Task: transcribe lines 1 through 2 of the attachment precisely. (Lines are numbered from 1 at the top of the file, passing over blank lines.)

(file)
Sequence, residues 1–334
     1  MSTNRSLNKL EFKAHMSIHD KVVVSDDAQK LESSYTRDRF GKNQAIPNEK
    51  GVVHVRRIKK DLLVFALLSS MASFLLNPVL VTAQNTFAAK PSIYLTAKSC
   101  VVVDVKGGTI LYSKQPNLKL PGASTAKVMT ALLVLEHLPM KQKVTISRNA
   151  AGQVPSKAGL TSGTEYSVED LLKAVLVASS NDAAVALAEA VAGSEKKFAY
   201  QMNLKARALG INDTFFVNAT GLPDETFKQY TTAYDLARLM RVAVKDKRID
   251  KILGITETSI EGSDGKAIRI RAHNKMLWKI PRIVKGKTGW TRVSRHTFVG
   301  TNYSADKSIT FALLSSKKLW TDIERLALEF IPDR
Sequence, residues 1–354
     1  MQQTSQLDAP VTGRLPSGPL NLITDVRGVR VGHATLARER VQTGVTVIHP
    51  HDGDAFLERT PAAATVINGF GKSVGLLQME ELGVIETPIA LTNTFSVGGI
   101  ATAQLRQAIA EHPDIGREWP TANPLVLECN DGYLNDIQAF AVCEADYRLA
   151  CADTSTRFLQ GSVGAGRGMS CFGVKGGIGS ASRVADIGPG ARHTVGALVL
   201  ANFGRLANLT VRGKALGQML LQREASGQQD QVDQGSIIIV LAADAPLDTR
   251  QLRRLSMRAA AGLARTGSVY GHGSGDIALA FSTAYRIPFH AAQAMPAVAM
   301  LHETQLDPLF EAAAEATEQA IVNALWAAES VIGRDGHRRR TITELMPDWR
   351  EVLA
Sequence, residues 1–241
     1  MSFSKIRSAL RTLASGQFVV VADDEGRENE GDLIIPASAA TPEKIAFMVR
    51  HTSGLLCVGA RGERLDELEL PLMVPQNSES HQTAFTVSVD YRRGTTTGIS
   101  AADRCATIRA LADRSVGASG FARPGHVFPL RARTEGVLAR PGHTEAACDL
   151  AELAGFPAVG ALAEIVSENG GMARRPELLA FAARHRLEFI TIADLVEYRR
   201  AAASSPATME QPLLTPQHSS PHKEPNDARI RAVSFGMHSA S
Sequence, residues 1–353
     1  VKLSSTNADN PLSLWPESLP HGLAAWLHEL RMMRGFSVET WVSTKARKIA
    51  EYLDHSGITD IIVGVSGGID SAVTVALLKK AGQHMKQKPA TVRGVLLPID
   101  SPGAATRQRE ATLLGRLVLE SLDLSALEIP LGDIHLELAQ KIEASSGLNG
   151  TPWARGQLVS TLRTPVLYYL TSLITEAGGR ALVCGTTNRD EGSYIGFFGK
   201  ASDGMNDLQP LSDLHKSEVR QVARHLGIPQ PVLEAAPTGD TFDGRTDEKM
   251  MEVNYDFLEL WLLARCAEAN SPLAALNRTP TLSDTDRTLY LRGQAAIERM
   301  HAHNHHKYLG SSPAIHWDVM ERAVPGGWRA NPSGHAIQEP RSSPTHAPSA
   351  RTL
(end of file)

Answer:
Sequence, residues 1–334
     1  MSTNRSLNKL EFKAHMSIHD KVVVSDDAQK LESSYTRDRF GKNQAIPNEK